There are several good suggestions above, but I would encourage any teacher to sit back and think about the purpose of college-level homework in the first place. I also think that even in the absence of Cramster there are numerous ways to cheat, and it is likely that services like Cramster will only grow in the future. So all of this must take into account that there are always shortcuts available for students. You can certainly engineer methods and questions that reduce the number and ease of shortcuts available, but this can never be eliminated.

I would argue the main purpose of homework is to practice skills that can only be learned by doing, rather than listening or reading. In this way, students cheat themselves when they use a shortcut like this. The only way to convey this is to explain this to the students.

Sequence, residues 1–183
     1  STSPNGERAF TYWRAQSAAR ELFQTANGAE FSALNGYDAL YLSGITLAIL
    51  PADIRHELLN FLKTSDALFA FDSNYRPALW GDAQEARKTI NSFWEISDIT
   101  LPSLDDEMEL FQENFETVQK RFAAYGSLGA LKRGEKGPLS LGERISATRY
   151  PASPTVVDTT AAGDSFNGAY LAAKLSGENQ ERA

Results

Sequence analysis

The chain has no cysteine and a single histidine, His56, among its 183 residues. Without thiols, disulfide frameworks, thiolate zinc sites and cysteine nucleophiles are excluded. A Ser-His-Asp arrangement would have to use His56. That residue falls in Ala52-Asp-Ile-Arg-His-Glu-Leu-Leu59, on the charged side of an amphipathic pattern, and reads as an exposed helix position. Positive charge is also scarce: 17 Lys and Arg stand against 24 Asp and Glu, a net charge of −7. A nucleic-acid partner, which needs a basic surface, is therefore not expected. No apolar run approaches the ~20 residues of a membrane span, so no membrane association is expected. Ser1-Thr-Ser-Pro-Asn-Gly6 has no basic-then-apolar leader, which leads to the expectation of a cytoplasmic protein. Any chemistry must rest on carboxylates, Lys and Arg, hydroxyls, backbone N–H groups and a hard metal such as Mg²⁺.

There is also the sense that homework provides a grade for effort. I actually think this is a good thing and I have some percentage of my course grade determined by something that is relatively easy but that takes repeated effort and application. This allows for students with some level of test anxiety, etc. to have an outlet to help improve their grade. It also gives me a way to track effort before assigning final grades. Cramster, or other outlets for cheating, dilute the informativeness of this, but it does not eliminate it. If this is your primary concern, one solution would be to increase the amount of credit for simply turning in the assignment.
posted by Tallguy at 6:41 AM on February 8, 2013


Granted, it's been 20 years since I've been in college.

A lot of responses state "dont make homework worth nothing or they wont hand it in".*

How about:

1) Homework is worth nothing, however
2) Submission of all homework is the requirement of being allowed to take the exams.

*Homework was always worth nothing. You did the assignments or got booted from the class.
posted by sandra_s at 7:14 AM on February 8, 2013